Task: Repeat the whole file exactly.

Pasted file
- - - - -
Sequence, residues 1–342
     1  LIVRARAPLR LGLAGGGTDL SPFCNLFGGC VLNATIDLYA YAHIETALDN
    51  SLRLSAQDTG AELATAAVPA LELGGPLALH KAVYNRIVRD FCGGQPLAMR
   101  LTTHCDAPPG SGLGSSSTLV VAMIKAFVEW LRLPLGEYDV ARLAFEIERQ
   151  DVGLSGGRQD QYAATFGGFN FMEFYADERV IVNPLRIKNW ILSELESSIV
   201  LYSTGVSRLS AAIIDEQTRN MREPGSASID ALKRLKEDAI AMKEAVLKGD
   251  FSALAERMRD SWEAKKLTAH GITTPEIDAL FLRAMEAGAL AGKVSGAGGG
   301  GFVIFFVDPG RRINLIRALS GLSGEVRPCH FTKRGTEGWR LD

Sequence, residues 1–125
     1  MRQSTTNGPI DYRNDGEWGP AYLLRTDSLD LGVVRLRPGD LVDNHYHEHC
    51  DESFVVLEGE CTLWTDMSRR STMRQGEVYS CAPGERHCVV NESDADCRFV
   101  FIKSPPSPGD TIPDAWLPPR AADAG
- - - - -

Sequence, residues 1–342
     1  LIVRARAPLR LGLAGGGTDL SPFCNLFGGC VLNATIDLYA YAHIETALDN
    51  SLRLSAQDTG AELATAAVPA LELGGPLALH KAVYNRIVRD FCGGQPLAMR
   101  LTTHCDAPPG SGLGSSSTLV VAMIKAFVEW LRLPLGEYDV ARLAFEIERQ
   151  DVGLSGGRQD QYAATFGGFN FMEFYADERV IVNPLRIKNW ILSELESSIV
   201  LYSTGVSRLS AAIIDEQTRN MREPGSASID ALKRLKEDAI AMKEAVLKGD
   251  FSALAERMRD SWEAKKLTAH GITTPEIDAL FLRAMEAGAL AGKVSGAGGG
   301  GFVIFFVDPG RRINLIRALS GLSGEVRPCH FTKRGTEGWR LD

Sequence, residues 1–125
     1  MRQSTTNGPI DYRNDGEWGP AYLLRTDSLD LGVVRLRPGD LVDNHYHEHC
    51  DESFVVLEGE CTLWTDMSRR STMRQGEVYS CAPGERHCVV NESDADCRFV
   101  FIKSPPSPGD TIPDAWLPPR AADAG